Union Square was named a National Historic Landmark in 1997, primarily to honor it as the site of the first Labor Day parade.
In the days and weeks following the September 11 attacks in 2001, Union Square became a primary public gathering point for mourners. People created spontaneous candle and photograph memorials in the park and vigils were held to honor the victims. This was a natural role for the Square as Lower Manhattan below 14th Street, which forms Union Square’s southern border, briefly became a “frozen zone,” with no non-emergency vehicles allowed and pedestrians sometimes stopped and asked why they were venturing south by police and national guardsmen. In fact, for the first few days following the attacks, only those who could prove residency below 14th Street could pass. The Square’s tradition as a meeting place in times of upheaval was also a factor.
North end renovation
In March 2008, an eighteen-month renovation began on the northern end of the park. Proponents of the plan describe it as the completion of a renovation of Union Square Park that began in the mid-1980s that will improve the park by increasing the amount and quality of playground space, improving the quality and function of the public plaza, rehabilitating the badly deteriorating bandshell structure, improving the working conditions for park employees, and maintaining the “eyes on the street” presence of a restaurant at the heart of the park. Protests and political action in response to the original renovation plans resulted in a reduction in the degree to which the pavilion was to be renovated, a reduction in the total amount of space that the restaurant would occupy, and an increase in the amount of dedicated play space, but stiff opposition remains to the idea that any commercial uses might occupy the pavilion. Despite the fact that the overall amount of play space in the park will be increased as a result of the renovation, those critical of the plan claim that the bandshell pavilion itself ought to be converted to play space. The fate of the historic pavilion building is uncertain and has been brought before the State Supreme Court. On March 30, 2009, a judge dismissed the lawsuit against the renovation, paving the way for a seasonal restaurant in the pavilion.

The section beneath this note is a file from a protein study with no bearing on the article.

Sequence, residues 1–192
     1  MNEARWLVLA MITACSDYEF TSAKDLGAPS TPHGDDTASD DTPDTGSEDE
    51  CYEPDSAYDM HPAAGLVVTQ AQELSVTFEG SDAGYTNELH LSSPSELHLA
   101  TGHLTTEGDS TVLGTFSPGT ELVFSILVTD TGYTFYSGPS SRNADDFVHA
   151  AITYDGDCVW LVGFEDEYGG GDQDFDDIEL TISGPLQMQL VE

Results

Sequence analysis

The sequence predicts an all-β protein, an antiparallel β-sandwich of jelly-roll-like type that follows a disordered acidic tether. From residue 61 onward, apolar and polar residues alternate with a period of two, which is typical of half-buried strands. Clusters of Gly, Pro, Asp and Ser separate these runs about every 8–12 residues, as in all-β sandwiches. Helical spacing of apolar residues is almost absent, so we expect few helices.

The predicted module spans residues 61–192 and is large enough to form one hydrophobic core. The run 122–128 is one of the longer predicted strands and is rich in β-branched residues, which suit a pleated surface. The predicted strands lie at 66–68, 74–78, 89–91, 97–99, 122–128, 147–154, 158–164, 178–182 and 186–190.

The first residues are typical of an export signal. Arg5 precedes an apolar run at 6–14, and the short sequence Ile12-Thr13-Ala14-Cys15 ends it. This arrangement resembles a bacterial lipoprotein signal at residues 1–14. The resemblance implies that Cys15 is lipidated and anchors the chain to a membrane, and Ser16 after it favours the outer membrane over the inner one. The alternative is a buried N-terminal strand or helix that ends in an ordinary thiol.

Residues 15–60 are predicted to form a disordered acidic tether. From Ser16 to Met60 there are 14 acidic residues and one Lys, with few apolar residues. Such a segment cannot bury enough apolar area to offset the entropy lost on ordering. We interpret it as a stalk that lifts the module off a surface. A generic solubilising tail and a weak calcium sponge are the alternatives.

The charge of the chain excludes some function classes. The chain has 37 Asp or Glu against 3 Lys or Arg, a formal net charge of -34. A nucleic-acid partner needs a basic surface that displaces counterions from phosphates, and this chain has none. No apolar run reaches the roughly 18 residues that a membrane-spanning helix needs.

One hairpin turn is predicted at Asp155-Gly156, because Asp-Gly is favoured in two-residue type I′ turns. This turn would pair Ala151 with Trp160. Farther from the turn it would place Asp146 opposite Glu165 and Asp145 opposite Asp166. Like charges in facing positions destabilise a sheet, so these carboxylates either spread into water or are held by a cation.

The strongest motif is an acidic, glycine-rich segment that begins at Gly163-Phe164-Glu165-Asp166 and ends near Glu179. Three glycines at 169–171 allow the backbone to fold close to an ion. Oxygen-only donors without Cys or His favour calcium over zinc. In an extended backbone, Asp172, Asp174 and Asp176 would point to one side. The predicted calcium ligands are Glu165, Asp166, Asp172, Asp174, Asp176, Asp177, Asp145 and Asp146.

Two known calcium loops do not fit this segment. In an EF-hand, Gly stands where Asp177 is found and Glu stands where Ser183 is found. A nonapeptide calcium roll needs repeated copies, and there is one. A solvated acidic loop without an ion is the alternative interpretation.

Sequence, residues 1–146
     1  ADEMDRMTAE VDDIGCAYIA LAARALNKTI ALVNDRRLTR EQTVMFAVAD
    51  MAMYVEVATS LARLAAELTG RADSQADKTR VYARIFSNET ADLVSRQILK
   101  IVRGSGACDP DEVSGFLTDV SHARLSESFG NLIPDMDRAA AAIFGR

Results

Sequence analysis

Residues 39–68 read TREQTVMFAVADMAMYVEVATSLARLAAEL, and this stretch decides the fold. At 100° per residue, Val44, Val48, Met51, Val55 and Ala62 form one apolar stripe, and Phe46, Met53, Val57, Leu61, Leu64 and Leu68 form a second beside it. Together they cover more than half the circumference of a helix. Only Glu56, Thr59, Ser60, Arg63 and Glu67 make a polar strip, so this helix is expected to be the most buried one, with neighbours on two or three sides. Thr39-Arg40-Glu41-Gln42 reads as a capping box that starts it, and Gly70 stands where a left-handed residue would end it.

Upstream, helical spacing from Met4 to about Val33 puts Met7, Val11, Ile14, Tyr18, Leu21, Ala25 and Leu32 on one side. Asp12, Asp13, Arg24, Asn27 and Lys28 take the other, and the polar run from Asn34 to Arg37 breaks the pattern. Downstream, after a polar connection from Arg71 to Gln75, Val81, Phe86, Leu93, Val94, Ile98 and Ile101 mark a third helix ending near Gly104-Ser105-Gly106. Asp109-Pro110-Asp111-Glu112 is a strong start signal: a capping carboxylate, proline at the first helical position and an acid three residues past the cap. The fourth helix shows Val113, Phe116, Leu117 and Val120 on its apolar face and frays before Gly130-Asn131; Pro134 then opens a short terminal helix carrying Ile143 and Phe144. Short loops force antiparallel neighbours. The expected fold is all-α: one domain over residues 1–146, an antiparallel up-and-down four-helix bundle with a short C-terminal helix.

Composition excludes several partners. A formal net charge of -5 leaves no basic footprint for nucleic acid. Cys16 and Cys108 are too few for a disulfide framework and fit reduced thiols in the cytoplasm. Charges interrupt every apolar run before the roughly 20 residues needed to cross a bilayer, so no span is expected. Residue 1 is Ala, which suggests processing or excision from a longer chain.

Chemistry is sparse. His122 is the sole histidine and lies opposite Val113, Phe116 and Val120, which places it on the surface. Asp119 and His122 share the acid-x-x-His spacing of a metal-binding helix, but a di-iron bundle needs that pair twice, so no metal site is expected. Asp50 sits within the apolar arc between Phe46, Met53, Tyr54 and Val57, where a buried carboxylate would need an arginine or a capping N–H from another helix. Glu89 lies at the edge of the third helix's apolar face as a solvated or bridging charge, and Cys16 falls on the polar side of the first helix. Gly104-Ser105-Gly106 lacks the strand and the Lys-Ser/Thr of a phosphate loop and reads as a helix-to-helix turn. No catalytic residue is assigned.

One element of contention not related to the restaurant concession is the inclusion of a single line of street trees, spaced 30 feet (9.1 m) apart, along the north side of the plaza. Despite rumors to the contrary, the inclusion of trees was made possible without reducing the usable gathering space of the plaza by the simultaneous decision to remove a painted median strip, that had separated eastbound and westbound traffic along 17th Street, thus increasing the northern limits of the plaza by several feet. Some critics feel that this line of trees will make the space less useful for large rallies although no barriers to free movement across 17th Street are being introduced and the “temporary” metal rails, welded together to make a continuous fence along the north side of the site, will be removed as part of the renovation of the plaza. A double line of trees along 17th Street had been planted years earlier as a monument to victims of the Armenian Genocide.
During the renovation the Union Square Greenmarket was temporarily relocated to the west side of the park, returning to the north end by April 4, 2009.